James Newkirk (of NUnit fame) gave a presentation at Tech·Ed Europe about the integration of unit testing into the software development lifecycle. Benjamin Mitchell took some good notes and posted them to his blog for those of us who couldn’t attend (thanks, Benjamin). Here are some of the highlights:
“He favors testing the public interface because it decouples the test from the implementation which will discourage refactoring.”
Not only do I agree with him, but I would add that your private behavior is likely exposed through a public interface anyway, and that’s where you should test.
“James said that he believes that testing has to be seen as a primary part of development. We have to incorporate test inside development.”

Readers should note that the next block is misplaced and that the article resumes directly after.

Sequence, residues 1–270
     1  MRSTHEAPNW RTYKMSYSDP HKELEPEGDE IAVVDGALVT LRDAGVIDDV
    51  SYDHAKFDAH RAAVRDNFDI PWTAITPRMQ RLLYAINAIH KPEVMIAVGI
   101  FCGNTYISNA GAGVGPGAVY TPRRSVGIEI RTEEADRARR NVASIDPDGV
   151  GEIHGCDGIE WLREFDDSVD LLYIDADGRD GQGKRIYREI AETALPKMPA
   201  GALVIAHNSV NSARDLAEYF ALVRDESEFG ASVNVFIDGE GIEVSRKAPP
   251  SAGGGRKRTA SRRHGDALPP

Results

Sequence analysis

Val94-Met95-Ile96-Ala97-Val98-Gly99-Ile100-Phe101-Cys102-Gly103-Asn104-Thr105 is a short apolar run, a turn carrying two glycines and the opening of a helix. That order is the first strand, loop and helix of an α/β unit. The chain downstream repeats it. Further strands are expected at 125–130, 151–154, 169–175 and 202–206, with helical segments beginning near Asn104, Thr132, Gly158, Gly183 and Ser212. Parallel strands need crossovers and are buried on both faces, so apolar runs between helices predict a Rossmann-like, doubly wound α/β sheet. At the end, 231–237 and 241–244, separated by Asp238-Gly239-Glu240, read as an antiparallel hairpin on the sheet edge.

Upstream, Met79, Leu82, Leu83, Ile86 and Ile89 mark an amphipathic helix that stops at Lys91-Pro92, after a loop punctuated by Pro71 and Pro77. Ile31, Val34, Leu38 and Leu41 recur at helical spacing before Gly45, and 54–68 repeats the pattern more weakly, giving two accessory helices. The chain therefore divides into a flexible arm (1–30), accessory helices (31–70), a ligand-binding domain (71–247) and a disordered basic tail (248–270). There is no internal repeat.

Amen! Using a tool like NUnit is most effective if it is used during development. Although I consider test-first the ideal, this is a radical idea for many people new to test-driven development, so writing any test is better than nothing.
“James mentioned that studies have show that Test First is 16% longer, but the quality was much higher.”
“James believed that if you are interacting with something complex, building the simulation of something that is complex is a worthless activity – you spend more time writing the simulator than the test and it doesn’t tell you anything.”
Remember, we aren’t writing tests for testing’s sake. We’re writing tests to help us with design, development, refactoring, and confidence.
“James thinks looking at the implementation to drive the tests is looking at it the wrong way.”